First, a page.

How AI is transforming Hollywood and impacting contract negotiations
Hollywood actors could soon be joining writers on the picket lines, as the deadline to reach a new deal with studios is just days away. One of the big issues revolves around artificial intelligence and how it can create performances.
Harrison Ford, at age 80, is now starring as Indiana Jones — both old and young. Audiences could soon see a new performance by James Dean, who died in 1955. Another upcoming film will feature Tom Hanks and Robin Wright as they appeared in Forrest Gump nearly 30 years ago.
The AI company Metaphysic is immortalizing actors through data capture — with many cameras taking images at the same time — which allows performers to appear in future films without ever being on set.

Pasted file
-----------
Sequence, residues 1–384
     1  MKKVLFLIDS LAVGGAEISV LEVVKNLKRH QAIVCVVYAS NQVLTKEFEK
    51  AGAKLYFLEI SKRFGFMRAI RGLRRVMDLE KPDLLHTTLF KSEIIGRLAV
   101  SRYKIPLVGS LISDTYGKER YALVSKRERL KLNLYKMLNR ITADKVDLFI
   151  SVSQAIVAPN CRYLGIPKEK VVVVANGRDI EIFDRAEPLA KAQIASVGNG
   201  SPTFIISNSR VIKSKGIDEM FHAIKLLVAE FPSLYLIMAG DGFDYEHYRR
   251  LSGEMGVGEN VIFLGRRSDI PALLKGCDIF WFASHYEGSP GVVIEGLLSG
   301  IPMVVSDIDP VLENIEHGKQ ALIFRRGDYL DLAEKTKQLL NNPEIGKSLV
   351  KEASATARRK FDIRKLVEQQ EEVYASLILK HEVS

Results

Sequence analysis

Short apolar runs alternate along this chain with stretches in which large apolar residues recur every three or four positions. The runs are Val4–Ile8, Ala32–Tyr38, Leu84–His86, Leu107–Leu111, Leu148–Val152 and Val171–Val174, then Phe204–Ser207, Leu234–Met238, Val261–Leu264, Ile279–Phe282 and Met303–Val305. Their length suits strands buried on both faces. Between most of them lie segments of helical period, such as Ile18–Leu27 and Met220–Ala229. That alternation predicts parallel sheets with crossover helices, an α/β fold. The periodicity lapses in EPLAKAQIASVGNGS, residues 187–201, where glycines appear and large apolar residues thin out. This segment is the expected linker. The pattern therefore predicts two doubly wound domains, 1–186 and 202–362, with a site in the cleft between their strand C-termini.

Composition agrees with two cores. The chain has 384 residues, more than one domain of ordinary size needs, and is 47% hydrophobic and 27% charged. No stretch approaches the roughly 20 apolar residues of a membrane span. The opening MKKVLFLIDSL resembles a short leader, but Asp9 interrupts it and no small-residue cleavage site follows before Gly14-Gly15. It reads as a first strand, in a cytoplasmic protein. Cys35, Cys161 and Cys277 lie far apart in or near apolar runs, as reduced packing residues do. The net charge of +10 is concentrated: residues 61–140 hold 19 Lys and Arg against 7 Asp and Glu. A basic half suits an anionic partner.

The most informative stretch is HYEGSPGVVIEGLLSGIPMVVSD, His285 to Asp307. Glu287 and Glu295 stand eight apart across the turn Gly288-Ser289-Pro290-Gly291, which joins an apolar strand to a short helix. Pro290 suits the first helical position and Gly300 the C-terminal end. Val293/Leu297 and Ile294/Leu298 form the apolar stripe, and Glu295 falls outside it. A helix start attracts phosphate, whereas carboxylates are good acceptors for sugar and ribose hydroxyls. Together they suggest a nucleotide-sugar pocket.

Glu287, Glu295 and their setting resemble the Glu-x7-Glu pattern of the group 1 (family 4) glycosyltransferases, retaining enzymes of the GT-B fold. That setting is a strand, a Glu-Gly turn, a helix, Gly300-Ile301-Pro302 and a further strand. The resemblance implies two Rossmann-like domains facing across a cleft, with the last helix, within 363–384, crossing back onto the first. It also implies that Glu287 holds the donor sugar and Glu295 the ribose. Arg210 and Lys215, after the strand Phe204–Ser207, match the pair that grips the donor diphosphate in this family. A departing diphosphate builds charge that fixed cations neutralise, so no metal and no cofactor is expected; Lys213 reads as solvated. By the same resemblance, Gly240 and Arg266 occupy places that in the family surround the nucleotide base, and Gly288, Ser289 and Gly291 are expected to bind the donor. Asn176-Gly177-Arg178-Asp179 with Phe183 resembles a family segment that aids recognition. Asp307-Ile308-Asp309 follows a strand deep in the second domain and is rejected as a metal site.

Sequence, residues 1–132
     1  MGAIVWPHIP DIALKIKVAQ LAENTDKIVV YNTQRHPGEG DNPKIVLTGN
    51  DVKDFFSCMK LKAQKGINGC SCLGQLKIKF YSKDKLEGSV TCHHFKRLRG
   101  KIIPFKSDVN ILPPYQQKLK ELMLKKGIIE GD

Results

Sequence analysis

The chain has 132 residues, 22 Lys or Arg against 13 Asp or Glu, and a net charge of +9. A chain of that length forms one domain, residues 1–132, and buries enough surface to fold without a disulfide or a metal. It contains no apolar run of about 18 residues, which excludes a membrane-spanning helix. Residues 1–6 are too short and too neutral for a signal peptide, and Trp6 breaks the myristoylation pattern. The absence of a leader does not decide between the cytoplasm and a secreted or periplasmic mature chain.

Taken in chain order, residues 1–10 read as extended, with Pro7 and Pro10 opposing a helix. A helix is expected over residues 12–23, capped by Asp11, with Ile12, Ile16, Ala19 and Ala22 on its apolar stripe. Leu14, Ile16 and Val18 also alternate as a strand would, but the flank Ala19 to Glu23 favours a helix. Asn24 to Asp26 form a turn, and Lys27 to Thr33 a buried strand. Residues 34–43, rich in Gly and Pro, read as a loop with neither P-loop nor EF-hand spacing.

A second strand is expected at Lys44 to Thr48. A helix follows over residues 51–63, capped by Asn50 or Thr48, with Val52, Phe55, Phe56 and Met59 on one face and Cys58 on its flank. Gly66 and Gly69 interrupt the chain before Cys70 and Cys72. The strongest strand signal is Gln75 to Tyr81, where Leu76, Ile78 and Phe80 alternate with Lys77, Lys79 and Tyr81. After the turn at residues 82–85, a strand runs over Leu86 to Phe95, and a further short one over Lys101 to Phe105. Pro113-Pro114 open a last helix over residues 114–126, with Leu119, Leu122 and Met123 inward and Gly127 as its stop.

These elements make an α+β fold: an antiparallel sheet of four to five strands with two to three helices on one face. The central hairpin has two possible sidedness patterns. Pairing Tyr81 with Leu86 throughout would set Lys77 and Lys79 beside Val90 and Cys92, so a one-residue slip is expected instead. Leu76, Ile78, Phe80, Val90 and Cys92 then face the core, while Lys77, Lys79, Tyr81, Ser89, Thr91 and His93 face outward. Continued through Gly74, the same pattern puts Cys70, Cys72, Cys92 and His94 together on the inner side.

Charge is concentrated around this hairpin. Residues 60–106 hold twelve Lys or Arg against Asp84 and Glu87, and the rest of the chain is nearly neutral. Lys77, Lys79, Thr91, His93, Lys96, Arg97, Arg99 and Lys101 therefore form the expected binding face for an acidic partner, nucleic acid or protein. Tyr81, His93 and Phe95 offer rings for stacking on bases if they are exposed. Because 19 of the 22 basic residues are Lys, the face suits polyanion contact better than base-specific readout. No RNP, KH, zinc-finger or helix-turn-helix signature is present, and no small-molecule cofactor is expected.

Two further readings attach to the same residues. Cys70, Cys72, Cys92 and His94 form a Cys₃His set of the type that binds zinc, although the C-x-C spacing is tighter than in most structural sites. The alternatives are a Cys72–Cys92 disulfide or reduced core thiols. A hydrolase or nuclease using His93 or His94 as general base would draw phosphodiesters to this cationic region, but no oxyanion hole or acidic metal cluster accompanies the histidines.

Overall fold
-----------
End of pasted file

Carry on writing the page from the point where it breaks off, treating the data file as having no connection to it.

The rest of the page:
"There is a move now from many people to preserve their likeness and collect a library of the different data sets that in the future could be used to create their performance," Metaphysic's CEO Tom Graham said. "I think that this is going to be a core asset for every performer."
But how that likeness is preserved, who has access to it and who cashes in on it are key concerns of SAG-AFTRA, the union that represents actors.
"We're not anti-AI. It is okay for performers' likeness, image, voice to be digitally modeled and captured, provided they know exactly what it's going to be used for and that there are appropriate safeguards in place to make sure that that data is not made available beyond its intended use," said SAG-AFTRA chief negotiator Duncan Crabtree-Ireland.
Those safeguards don't currently exist.
"We need to focus heavily on the ethics and how we deploy AI, and so we need to really work hard to move our institutions very, very quickly to be able to accommodate some of these new potential outcomes," Graham said.
Jonathan Vigliotti is a CBS News correspondent based in Los Angeles. He previously served as a foreign correspondent for the network's London bureau.